RIO DE JANEIRO (Reuters) – Brazil could begin full production of AstraZeneca Plc’s COVID-19 vaccine by July if regulators allow, an official at biomedical center Fiocruz said, moving up by 100 days the timeline to produce shots without imported ingredients.
Fiocruz Vice President Marco Krieger told Reuters that, if health regulator Anvisa waives some controls, the biomedical institute could move up the Sept. 30 target date for 100% local production of the shot by AstraZeneca and Oxford University.
“This would be important at a time when Brazil is facing vaccine shortages,” Krieger said in an interview on Friday.
Delays in getting supplies from India and China have slowed Fiocruz’s finishing line and Brazil’s vaccination program. Only 6% of Brazil’s adult population has had their first of two shots.
Federally funded Fiocruz, based in Rio de Janeiro, has delivered 4 million ready-made vaccines from India and is filling and finishing shots with active ingredients from China. Delivery of those doses, starting this week, is expected tototal 100.4 million by July. Fully local production of the vaccine is scheduled for September, when Fiocruz plans to start delivery of 110 million doses for Brazil’s immunization program.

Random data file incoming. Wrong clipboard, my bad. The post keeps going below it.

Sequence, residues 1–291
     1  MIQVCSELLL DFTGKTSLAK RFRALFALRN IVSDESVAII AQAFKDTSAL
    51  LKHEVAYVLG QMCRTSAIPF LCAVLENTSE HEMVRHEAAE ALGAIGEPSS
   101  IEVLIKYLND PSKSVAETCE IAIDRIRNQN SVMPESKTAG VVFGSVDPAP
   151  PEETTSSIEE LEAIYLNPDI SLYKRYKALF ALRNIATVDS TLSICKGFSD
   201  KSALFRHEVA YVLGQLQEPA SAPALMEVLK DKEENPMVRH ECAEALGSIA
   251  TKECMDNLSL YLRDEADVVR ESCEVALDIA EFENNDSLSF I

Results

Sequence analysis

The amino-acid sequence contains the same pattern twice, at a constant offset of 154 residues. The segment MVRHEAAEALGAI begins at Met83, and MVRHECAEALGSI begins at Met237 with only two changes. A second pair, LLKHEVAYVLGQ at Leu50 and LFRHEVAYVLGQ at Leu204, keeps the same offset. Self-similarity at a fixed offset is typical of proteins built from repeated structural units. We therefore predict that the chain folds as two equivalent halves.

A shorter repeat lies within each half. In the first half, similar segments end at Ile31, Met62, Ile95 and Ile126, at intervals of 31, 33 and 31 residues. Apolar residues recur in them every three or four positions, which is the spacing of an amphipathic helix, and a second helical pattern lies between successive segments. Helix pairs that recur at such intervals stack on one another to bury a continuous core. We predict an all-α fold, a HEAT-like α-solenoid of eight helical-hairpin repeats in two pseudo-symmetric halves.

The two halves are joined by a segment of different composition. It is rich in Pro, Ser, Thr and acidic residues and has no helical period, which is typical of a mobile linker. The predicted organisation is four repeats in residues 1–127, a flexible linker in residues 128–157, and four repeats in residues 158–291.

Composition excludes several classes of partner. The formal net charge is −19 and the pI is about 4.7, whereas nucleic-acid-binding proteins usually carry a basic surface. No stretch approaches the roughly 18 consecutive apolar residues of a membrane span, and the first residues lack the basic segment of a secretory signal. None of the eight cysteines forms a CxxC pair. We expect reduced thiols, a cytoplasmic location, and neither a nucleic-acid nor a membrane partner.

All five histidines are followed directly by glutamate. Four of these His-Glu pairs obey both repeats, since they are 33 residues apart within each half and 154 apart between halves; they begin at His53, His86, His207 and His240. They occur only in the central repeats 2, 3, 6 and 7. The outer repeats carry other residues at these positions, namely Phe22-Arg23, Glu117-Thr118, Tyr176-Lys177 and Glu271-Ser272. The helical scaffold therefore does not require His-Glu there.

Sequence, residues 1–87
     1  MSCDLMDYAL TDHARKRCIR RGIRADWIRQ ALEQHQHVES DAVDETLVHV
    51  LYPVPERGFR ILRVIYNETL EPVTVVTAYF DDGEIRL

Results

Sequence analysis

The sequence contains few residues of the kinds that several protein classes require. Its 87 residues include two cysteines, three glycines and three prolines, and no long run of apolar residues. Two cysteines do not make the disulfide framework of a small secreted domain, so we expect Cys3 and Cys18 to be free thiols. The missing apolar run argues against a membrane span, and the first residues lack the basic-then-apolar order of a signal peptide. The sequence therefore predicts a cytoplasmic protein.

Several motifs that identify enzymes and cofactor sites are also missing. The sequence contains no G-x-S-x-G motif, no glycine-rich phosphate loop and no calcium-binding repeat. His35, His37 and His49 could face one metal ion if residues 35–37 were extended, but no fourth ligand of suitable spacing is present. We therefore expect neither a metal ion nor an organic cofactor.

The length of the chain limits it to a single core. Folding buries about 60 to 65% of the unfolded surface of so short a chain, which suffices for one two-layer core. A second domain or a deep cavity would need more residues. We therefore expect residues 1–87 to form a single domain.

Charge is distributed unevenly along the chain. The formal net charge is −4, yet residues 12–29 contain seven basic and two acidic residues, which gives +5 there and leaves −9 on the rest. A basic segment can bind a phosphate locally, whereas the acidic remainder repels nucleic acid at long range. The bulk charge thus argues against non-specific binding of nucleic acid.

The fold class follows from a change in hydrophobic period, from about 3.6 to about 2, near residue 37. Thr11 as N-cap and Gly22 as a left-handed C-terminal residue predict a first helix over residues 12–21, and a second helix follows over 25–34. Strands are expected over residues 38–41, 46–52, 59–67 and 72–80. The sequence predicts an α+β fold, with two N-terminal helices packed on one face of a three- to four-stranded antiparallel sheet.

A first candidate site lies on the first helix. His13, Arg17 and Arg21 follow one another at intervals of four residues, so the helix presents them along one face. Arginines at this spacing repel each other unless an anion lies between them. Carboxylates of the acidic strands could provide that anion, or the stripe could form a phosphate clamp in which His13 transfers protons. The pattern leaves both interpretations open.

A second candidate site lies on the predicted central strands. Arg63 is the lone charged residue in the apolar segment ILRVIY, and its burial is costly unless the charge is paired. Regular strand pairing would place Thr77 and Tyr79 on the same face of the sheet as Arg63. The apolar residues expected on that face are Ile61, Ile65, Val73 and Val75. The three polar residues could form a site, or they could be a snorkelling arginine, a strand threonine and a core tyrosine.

Given the urgent need for vaccines in Brazil, which lost more than 12,000 lives to the pandemic last week alone, Krieger said he hoped Anvisa would help to shorten that timeline.
As the vaccine is already in use in Europe and elsewhere, Krieger said Fiocruz may be able to get Anvisa’s approval after the regulator supervises production of just one batch, rather than the customary three batches.
Along with the 4 million AstraZeneca doses, Brazil’s government has received 20.6 million doses of CoronaVac, made by China’s Sinovac Biotech Ltd and bottled by Sao Paulo’s Butantan Institute with active ingredients from China.
On Friday, Anvisa granted final approval for AstraZeneca’s vaccine. CoronaVac has been approved for emergency use.
Krieger said output from Fiocruz should reach 1 million doses a day by the end of March. By then, Fiocruz will have received another shipment of ingredients from China to make 30 million doses, he said.
Krieger did not address the British vaccine being halted last week in Denmark, Norway and Iceland over bleeding and clotting issues.
AstraZeneca said on Sunday a review of safety data of people vaccinated with its COVID-19 vaccine has shown no evidence of increased risk of blood clots.
(Reporting by Rodrigo Viga Gaier; Writing by Anthony Boadle; Editing by Richard Chang)